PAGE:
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Urology

Volume 11, No 2 - Spring 2009

Volume 11, No 2 - Spring 2009

Table of Contents

Will the Evolution of Overactive Bladder Delivery Systems Increase Patient Compliance? Treatment Review
The negative impact of overactive bladder (OAB) on daily quality of life drives the large market of pharmacotherapy targeted at symptoms of urinary frequency and urgency, with or without urinary urge incontinence. Currently, the primary pharmacologic treatment modality is aimed at modulation of the efferent muscarinic receptors (M2 and M3) predominant in detrusor smooth muscle and responsible for involuntary or unwanted bladder contractions. However, due to drug effects in the muscarinic receptors of the salivary glands and intestinal smooth muscle, as well as extensive first-pass metabolism in the liver and intestinal tract yielding parent drug metabolites, adverse side effects are common and can be quite bothersome. These issues, encountered with many of the oral antimuscarinic formulations, limit their tolerability and affect long-term patient compliance and satisfaction. Thus, the benefit of pharmacotherapy for OAB must be a balance between efficacy and tolerability, also known as therapeutic index. This article reviews the current pharmacologic delivery systems available for the treatment of OAB, patient compliance, and reasons for discontinuation of medication.[Rev Urol. 2009;11(2):45-51]
Effective Testosterone Suppression for Prostate Cancer: Is There a Best Castration Therapy? Management Update
Achieving and maintaining effective suppression of serum testosterone levels in men treated with androgen ablation is one of the essential strategies in the management of prostate cancer. Historically, a serum testosterone below 50 ng/dL was considered to be the castrate level. Current data suggest that the new target for either surgical or chemical castration is a serum testosterone level of lower than 20 ng/dL in an attempt to maximize therapeutic outcomes. Testosterone breakthrough and the acute-on-chronic effects of administration of a luteinizing hormone-releasing hormone analogue may cause testosterone levels to periodically rise, sometimes to noncastrate levels. The goal of androgen ablation is to identify those agents that will most consistently achieve and maintain the lowest testosterone levels possible.[Rev Urol. 2009;11(2):52-60]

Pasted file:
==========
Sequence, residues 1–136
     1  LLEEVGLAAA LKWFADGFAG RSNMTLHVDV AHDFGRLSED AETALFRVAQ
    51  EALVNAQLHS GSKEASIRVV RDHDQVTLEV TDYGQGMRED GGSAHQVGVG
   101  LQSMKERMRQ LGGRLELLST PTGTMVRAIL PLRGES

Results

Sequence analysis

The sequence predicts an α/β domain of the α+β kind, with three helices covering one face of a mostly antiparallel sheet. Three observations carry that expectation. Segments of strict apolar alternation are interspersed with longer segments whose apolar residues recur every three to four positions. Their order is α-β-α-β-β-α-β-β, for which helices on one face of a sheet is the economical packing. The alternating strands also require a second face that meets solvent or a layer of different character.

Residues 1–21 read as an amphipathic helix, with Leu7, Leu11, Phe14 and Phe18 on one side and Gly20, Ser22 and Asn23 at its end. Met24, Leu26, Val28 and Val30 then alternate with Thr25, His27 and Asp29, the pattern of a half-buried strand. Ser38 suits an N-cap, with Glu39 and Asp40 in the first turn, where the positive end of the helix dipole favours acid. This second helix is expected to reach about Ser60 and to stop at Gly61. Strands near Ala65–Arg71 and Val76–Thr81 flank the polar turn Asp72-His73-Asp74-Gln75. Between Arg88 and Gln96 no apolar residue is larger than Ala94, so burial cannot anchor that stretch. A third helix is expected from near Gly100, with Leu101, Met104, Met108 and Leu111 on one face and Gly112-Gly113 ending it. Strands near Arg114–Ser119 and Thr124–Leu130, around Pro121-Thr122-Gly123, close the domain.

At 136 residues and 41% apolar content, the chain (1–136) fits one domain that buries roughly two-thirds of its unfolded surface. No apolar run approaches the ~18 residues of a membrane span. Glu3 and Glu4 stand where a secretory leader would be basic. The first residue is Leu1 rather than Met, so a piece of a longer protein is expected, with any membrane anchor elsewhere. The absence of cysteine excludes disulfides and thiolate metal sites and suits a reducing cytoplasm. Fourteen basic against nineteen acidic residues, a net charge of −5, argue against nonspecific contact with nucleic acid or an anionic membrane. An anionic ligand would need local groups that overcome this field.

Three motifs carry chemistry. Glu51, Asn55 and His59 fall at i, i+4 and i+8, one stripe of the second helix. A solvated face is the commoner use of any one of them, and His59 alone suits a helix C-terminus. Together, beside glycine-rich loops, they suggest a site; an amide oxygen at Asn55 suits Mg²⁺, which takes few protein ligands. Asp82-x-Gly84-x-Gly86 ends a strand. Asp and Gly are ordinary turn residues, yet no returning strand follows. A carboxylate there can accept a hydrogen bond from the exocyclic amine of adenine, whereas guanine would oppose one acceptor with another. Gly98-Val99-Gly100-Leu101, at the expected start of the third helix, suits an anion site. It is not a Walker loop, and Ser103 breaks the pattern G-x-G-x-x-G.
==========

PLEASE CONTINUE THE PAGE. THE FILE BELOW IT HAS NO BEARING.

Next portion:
Status of Radical Prostatectomy in 2009: Is There Medical Evidence to Justify the Robotic Approach? Treatment Review
This article presents the evolution of open radical retropubic prostatectomy (ORRP) into a minimally invasive procedure and reviews the literature to provide a legitimate comparison between ORRP and robotic-assisted laparoscopic radical retropubic prostatectomy (RALRP). The article is limited to manuscripts cited in the peer-reviewed literature, and an effort was made to identify those articles that fulfilled the highest level of medical evidence. In centers of excellence, ORRP is performed with no mortality, extraordinarily low technical and medical complications (1%), the rare need for blood transfusions, 1- to 2-day hospital stays, urinary catheters that are routinely removed in a week, the majority of men returning to work in 2 weeks, and up to 97% of men regaining urinary continence. Return of potency remains a challenge, especially for older men with marginal erections. RALRP is now the most common approach for the surgical removal of the malignant prostate. A critical review of the literature fails to support the marketing claims that RALRP is associated with shorter hospitalization, less pain, better cosmetics, shorter catheter time, lower transfusion rates, or improved continence and potency rates. The highest level of medical evidence suggests that RALRP may significantly compromise oncologic outcomes and that men undergoing this approach have higher regret rates than men undergoing ORRP.[Rev Urol. 2009;11(2):61-70]
Spinal Dysraphism: A Neurosurgical Review for the Urologist Management Review
Spinal neural tube defects are congenital malformations of the spine and spinal cord (eg, myelomeningocele) and are frequently seen in pediatric urology practice. These neurologic problems have many consequences in a child’s life and affect different parts of the body, such as the brain, spinal cord, limbs, bladder, and bowels. Because of the complexity and neurologic aspects of spinal dysraphism, many related terms and aspects of the disease are unfamiliar to the urologist. This review addresses some of the most commonly used neurosurgical terms and concepts related to spinal dysraphism.[Rev Urol. 2009;11(2):71-81]
Genitourinary Sarcoidosis
Genitourinary involvement of sarcoidosis can mimic many common urologic conditions. Although sarcoidosis is a benign inflammatory condition, it can present much like malignant or infectious conditions; thus, failed diagnosis can lead to unnecessary medications or surgical procedures. In addition, management choices for patients with scrotal findings have important implications for future fertility. Thus, this uncommon condition should be on the differential diagnosis for any urologic patient. The authors report on a patient with a scrotal mass as his presenting symptom of sarcoidosis and review the diagnosis, implications, and management of sarcoidosis involving all potential sites in the urinary tract.[Rev Urol. 2009;11(2):108-113]
Prostate Cancer News and Views From the Literature
[Rev Urol. 2009;11(2):114-115]
Erectile Dysfunction News and Views From the Literature
[Rev Urol. 2009;11(2):116]